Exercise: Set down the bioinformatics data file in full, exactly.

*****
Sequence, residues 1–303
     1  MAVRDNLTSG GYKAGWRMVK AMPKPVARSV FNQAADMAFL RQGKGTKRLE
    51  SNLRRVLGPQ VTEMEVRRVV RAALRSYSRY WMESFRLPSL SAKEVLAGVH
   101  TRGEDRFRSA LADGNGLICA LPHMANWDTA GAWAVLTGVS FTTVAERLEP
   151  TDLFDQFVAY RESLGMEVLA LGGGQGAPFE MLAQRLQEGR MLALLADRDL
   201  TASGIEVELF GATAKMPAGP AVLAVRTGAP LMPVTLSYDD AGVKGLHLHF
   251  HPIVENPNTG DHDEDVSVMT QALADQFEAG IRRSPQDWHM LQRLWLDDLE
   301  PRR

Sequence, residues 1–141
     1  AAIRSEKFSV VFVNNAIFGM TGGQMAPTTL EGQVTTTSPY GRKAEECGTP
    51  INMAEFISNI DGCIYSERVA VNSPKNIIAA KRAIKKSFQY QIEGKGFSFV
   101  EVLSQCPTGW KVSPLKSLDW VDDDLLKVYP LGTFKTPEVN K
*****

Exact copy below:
Sequence, residues 1–303
     1  MAVRDNLTSG GYKAGWRMVK AMPKPVARSV FNQAADMAFL RQGKGTKRLE
    51  SNLRRVLGPQ VTEMEVRRVV RAALRSYSRY WMESFRLPSL SAKEVLAGVH
   101  TRGEDRFRSA LADGNGLICA LPHMANWDTA GAWAVLTGVS FTTVAERLEP
   151  TDLFDQFVAY RESLGMEVLA LGGGQGAPFE MLAQRLQEGR MLALLADRDL
   201  TASGIEVELF GATAKMPAGP AVLAVRTGAP LMPVTLSYDD AGVKGLHLHF
   251  HPIVENPNTG DHDEDVSVMT QALADQFEAG IRRSPQDWHM LQRLWLDDLE
   301  PRR

Sequence, residues 1–141
     1  AAIRSEKFSV VFVNNAIFGM TGGQMAPTTL EGQVTTTSPY GRKAEECGTP
    51  INMAEFISNI DGCIYSERVA VNSPKNIIAA KRAIKKSFQY QIEGKGFSFV
   101  EVLSQCPTGW KVSPLKSLDW VDDDLLKVYP LGTFKTPEVN K